-- HMOs (most restrictive in terms of referrals),

-- HMO-POSs (less restrictive),

-- PPOs (even less restrictive but still restrictive)

-- These three types comprise about 80% of Part C plans but there are also some other types

 

As with all things in life, in your situation it depends on what it says in the small print

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@AnthonyR624223 wrote:

I need some help understanding this : 

 

Definition: 

Capitation is a payment arrangement for health care service providers such as physicians. Under capitation, a physician or group of physicians receives a rish adjusted set amount for each enrolled person assigned to them, per period of time, whether or not that person seeks care.

 

Now, my question is how does this control the PCP, to the point that they will not give referrals to my existing specialist but only to the " doctors of their choice"  this is causing great trouble in getting the treatment I am in need of. I have been using the same specialest for 12 yrs. now all of sudden the PCP says no more! you will either do it my way or not at all. .....some guidence here would be great


It sounds like you are within an ACCOUNTABLE CARE ORGANIZATION.

Center for Medicare & Medicaid Services (CMS).gov - Accountable Care Organizations (ACOs)  

 

You may not even be informed of it.  Can you get out of it - that depends on who is paying the bills and why.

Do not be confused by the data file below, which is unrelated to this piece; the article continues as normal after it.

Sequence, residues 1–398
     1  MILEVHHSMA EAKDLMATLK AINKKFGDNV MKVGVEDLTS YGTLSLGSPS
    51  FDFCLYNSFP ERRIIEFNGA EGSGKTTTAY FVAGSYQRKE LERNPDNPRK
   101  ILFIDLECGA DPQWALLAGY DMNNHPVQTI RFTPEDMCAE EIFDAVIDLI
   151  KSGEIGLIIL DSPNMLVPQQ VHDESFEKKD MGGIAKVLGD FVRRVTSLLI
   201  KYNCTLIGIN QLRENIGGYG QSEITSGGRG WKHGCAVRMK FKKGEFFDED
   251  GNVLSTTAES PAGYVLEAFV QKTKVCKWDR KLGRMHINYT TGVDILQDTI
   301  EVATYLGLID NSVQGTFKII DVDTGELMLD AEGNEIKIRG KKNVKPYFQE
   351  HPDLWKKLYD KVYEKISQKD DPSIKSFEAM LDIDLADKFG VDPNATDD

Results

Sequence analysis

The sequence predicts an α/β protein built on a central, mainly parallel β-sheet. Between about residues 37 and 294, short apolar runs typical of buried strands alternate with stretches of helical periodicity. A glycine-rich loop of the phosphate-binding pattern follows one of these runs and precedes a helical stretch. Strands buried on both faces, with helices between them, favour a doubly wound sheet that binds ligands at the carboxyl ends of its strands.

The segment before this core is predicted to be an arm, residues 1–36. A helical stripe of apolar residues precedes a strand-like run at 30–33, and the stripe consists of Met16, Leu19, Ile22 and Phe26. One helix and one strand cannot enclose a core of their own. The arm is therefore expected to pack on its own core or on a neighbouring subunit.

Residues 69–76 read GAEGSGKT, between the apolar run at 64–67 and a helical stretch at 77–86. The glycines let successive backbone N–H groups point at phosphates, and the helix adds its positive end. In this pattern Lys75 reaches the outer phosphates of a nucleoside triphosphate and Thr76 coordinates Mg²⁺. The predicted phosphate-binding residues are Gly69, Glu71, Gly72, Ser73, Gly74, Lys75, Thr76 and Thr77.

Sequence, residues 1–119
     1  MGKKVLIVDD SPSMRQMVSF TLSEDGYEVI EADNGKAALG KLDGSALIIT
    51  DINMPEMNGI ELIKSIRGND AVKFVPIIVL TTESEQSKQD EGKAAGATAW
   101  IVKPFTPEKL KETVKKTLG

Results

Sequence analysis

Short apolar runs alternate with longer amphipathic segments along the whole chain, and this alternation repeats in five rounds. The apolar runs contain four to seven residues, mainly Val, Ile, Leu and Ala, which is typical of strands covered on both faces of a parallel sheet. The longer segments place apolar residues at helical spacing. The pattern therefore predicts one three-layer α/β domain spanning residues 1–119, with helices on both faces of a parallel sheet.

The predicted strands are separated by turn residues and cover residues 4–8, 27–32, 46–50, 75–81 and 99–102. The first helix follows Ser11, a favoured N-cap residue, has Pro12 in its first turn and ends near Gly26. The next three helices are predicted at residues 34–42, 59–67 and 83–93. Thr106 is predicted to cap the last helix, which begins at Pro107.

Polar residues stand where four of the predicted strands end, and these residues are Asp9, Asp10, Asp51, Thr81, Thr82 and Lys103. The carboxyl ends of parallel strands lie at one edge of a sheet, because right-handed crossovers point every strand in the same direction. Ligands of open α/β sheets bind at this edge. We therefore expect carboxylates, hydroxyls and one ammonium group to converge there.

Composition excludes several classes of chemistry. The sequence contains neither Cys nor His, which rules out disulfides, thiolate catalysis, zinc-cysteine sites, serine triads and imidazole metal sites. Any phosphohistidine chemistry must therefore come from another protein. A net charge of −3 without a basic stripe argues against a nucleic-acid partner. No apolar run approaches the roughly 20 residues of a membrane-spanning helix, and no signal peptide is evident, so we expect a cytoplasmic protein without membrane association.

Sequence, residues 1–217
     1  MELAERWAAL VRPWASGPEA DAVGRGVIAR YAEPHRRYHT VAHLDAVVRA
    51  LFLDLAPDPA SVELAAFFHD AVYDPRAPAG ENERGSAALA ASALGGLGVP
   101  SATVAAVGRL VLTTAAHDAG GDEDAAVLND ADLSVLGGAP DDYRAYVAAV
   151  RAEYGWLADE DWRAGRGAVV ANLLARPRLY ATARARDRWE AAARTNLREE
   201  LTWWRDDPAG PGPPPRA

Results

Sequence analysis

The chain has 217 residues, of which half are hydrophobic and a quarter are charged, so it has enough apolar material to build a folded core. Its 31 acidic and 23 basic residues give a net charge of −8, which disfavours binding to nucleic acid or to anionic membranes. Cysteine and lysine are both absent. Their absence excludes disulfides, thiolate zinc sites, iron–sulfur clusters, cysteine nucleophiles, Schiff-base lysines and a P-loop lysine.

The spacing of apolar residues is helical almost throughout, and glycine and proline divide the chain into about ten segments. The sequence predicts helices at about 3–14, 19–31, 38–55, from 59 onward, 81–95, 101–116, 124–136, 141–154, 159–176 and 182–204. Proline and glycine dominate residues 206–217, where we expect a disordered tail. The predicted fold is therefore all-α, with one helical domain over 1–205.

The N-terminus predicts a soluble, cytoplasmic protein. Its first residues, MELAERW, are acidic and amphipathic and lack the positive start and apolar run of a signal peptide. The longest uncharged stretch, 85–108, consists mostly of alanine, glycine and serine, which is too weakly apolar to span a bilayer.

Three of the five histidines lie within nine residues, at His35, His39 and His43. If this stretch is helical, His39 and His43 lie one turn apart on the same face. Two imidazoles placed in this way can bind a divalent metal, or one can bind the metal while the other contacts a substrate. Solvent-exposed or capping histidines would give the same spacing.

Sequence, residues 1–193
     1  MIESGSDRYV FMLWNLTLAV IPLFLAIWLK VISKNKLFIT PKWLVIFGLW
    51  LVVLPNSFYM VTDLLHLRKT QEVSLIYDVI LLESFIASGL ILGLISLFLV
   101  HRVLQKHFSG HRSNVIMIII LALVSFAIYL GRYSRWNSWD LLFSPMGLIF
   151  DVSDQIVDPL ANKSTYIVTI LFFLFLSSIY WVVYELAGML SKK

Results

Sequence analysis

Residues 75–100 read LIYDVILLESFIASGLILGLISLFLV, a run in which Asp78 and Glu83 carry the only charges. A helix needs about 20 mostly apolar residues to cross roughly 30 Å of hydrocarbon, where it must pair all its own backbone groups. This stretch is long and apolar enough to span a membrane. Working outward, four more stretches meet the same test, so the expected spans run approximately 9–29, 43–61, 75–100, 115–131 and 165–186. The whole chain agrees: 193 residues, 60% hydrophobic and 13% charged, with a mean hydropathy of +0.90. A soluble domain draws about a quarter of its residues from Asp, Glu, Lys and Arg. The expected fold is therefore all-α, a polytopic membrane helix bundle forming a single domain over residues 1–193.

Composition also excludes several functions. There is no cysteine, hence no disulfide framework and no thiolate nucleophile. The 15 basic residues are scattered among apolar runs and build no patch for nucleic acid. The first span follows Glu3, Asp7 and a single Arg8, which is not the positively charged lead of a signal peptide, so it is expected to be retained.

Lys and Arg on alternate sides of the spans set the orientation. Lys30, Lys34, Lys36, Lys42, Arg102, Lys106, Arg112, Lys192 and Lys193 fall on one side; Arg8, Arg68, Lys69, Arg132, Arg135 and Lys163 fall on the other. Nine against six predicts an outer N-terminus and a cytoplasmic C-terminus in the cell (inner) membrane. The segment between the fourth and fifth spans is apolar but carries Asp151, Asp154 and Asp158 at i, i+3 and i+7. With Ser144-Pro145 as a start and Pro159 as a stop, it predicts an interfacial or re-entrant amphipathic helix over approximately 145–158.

This CMS site has several videos on ACO's -

https://innovation.cms.gov/initiatives/aco/ 

 

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how do i find out if iam in a ACCOUNTABLE CARE ORGANIZATION.?

the funny part of this is the pcp wrote referrals all year to the very doctors she now refuses to write referrals for. 

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@AnthonyR624223 wrote:

how do i find out if iam in a ACCOUNTABLE CARE ORGANIZATION.?

the funny part of this is the pcp wrote referrals all year to the very doctors she now refuses to write referrals for. 


All kinds of explanations could be true here - who knows- you have to get all the specifics.

Maybe You just went into the "group", OR your PCP just began this type of payment arrangement, OR the other docs may have left or never entered the group.

 

Like I said, it all depends on who is paying and what type of plan you may have.

What type of insurance coverage do you have ?  All of it.

Like do you have traditional Medicare and also get help via Medicaid (state/federal)?  <<<< I am betting this one since you mentioned capitation.

https://www.cms.gov/Medicare-Medicaid-Coordination/Medicare-and-Medicaid-Coordination/Medicare-Medic... 

 

Perhaps a Medicare Advantage plan that is considered Special Needs?

https://www.medicare.gov/sign-up-change-plans/types-of-medicare-health-plans/special-needs-plans-snp 

 

An ACO is a group of beneficiaries that are treated by providers who are in a Medicare Shared Savings Program.